Where do we live, again?
Re: “Woman cycled through courts — Suspect in shooting ‘perfect example’ of issues with mental health care waitlist,” Wednesday news story.
I was shocked to read the following paragraphs from the above-mentioned story: “The waitlist for state psychiatric hospitals is nearly 2,500 people long, according to the Texas Health and Human Services Commission. More than 950 people are waiting for maximum security beds, and more than 1,500 are in line for non-maximum slots, per state data.
“On average, people spent about 511 days on the maximum security waitlist and 232 days waiting for non-maximum beds, according to numbers from September 2021 to June 2022. The wait in Dallas County can be longer.”
Texas sounds like a developing country in mental health care. What is so incredibly difficult about building more hospitals and hiring the appropriate staff for them? It is a commonsense solution, but one that apparently eludes the current Republican leadership.
The same problem seems to exist in finding appropriate homes and facilities for our foster care system, where something like 47,000 children founder with no settled placements. And then we look at our state prison population, where apparently air conditioning does not exist. Torture anyone, never mind rehabilitation?
James R. Bridges, Fate
Seems like a no-brainer, but …
Re: “Constitution 101 Should Be Required — Rep. Cheney has the right idea: All freshman members of Congress need a class like this,” July 24 editorial.
Shouldn’t any candidate, before they can run for elected office, have to prove some basic knowledge of the Constitution? This should not be applied to voting (we’ve seen the consequences of that in our country’s recent history), but our representatives and senators in Washington ― bringing in six-figure salaries and pretty nice pensions and health care packages — must be able to recall the three branches of government and list the first ten amendments of the Bill of Rights.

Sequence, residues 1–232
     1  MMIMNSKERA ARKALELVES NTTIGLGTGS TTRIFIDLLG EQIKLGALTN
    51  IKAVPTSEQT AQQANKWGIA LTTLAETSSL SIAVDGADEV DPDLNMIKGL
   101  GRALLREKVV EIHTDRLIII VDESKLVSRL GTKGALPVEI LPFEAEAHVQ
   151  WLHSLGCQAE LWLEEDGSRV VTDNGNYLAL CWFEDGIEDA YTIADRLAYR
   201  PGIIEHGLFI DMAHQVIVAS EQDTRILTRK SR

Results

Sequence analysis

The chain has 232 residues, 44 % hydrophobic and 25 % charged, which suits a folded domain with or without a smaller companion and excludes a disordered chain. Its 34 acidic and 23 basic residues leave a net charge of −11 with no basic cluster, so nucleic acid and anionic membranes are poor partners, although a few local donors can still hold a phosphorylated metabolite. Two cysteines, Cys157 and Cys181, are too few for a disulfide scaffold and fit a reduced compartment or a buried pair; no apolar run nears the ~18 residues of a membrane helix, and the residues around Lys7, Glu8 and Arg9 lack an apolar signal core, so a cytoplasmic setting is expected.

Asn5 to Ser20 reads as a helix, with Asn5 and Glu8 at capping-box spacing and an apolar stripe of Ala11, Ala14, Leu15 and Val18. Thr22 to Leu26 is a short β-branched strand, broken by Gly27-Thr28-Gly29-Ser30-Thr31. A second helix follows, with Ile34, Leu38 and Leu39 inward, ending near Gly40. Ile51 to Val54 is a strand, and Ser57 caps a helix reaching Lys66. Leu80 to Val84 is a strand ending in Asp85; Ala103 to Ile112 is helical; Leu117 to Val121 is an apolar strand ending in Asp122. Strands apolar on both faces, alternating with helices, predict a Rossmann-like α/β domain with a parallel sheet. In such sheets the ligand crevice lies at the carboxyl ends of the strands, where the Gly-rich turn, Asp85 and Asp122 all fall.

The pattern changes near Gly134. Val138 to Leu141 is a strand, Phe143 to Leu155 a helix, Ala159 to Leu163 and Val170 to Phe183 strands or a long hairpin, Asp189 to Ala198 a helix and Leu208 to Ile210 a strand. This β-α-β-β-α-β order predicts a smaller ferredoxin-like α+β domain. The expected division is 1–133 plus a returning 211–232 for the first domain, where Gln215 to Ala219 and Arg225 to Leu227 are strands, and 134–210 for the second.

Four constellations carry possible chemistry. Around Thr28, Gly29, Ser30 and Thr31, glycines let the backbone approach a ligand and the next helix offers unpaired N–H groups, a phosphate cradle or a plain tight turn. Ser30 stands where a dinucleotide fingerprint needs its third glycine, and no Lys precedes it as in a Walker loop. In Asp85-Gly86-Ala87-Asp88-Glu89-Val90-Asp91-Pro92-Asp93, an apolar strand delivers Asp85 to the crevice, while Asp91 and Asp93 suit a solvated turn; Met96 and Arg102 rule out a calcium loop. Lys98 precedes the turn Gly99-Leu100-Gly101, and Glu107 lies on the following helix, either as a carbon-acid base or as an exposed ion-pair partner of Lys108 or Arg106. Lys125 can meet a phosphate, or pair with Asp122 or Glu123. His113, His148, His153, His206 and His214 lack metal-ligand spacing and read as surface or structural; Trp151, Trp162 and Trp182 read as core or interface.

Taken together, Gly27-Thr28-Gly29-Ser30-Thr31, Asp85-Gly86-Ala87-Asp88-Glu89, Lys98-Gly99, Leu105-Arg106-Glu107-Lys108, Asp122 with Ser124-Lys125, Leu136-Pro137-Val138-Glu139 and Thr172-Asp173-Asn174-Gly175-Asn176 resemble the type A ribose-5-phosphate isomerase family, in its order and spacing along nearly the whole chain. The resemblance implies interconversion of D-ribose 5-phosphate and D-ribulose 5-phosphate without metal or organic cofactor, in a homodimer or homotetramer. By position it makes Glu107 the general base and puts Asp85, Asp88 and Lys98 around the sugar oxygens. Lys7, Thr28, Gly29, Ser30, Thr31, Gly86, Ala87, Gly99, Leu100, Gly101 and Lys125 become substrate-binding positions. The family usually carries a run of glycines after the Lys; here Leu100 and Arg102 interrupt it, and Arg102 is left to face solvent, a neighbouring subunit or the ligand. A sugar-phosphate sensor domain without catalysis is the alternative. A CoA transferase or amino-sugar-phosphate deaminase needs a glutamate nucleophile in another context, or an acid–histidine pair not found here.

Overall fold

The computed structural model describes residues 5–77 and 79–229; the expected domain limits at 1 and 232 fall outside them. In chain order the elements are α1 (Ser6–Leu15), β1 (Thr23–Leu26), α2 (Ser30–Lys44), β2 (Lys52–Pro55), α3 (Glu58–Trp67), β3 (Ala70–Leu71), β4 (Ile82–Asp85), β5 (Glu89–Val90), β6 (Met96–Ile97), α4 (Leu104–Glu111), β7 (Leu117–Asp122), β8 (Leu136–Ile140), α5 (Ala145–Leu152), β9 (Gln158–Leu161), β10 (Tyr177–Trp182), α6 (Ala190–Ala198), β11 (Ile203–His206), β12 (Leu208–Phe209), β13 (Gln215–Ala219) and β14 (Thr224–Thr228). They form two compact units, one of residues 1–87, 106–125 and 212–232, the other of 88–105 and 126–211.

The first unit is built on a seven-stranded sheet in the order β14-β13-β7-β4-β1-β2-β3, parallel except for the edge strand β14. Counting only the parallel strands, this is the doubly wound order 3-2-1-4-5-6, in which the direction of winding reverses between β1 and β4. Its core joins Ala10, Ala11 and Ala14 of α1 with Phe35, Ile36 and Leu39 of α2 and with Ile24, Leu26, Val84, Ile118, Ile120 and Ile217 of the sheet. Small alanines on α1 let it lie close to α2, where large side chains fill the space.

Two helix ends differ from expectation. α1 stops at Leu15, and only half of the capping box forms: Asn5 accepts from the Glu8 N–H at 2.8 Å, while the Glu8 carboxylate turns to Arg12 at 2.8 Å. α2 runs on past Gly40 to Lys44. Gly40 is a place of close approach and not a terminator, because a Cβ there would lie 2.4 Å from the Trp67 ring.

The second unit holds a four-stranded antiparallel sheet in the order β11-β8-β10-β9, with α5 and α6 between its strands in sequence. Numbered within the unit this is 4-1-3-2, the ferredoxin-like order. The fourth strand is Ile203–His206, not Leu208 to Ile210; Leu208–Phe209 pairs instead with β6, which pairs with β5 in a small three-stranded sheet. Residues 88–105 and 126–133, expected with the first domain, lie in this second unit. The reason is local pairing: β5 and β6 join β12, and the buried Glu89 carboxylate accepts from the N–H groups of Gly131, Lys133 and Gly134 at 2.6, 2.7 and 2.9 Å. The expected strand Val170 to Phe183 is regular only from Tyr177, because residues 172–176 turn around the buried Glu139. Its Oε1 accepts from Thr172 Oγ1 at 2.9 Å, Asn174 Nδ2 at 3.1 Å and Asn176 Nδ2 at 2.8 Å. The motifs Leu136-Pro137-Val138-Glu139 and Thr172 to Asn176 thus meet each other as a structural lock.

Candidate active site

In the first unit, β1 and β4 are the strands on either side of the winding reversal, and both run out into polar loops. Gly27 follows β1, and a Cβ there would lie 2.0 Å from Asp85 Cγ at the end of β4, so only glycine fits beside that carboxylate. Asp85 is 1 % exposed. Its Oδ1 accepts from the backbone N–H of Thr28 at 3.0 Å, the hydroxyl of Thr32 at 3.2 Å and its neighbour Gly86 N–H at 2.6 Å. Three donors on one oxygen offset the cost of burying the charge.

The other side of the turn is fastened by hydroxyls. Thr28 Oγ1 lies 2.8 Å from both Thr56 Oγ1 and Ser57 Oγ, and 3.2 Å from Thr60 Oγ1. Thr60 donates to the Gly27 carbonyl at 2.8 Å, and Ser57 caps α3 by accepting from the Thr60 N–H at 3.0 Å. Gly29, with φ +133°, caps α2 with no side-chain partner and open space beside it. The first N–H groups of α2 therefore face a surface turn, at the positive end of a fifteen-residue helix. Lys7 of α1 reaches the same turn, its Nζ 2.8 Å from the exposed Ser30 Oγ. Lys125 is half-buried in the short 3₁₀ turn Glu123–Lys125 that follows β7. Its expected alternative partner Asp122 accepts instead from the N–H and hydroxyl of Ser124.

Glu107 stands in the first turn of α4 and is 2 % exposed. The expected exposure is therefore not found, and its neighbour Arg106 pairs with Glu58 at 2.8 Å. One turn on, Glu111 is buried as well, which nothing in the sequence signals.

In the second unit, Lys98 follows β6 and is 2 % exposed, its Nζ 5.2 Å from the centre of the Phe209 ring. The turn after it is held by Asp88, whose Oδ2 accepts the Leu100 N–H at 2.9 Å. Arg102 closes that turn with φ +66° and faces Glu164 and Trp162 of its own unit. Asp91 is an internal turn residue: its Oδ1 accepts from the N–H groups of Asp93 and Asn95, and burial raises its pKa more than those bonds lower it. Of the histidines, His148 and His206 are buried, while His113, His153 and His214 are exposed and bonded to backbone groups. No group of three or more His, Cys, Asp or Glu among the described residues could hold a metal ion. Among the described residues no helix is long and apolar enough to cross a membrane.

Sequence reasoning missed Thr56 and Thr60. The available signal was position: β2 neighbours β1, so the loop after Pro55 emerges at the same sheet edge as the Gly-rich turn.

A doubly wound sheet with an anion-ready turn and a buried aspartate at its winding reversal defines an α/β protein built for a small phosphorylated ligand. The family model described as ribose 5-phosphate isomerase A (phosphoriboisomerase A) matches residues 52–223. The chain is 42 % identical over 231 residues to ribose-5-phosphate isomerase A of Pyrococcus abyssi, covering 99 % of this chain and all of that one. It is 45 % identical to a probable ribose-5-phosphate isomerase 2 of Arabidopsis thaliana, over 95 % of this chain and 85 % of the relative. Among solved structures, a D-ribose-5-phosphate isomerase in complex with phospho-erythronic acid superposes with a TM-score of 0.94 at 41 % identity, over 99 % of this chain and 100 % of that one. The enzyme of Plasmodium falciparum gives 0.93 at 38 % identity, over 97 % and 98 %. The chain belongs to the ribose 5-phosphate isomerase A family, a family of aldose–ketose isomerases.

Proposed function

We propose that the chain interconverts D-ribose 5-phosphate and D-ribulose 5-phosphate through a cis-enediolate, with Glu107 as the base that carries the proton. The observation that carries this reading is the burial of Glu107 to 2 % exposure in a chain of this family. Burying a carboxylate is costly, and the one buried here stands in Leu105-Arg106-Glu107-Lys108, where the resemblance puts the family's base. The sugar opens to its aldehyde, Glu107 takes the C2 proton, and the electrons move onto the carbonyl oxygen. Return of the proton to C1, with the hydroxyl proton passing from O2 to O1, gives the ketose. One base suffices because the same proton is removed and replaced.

If you have to take a class after you’ve been elected, then it’s already too late. But if something must be done, such as a class or crash course, then just have them watch Schoolhouse Rock’s I’m Just a Bill.
Martin Friedenthal, The Colony
They likely know more than we do
Although never my favorites as a teenager in the ’50s, civics, history and government classes provided at least an introduction to the basics of our Constitution and state and local laws. However, I continue to be humbled by the knowledge required for a citizenship application in the United States. Looks as though many of us take citizenship for granted.
Perhaps there is a lesson for all of us from the newest members of our nation. A copy of the United States Constitution is inexpensive and easy to order!
Marye Davis, North Arlington
Not just a Dallas problem
Re: “Elevate housing policies,” by Ellen Magnis, July 18 Letters.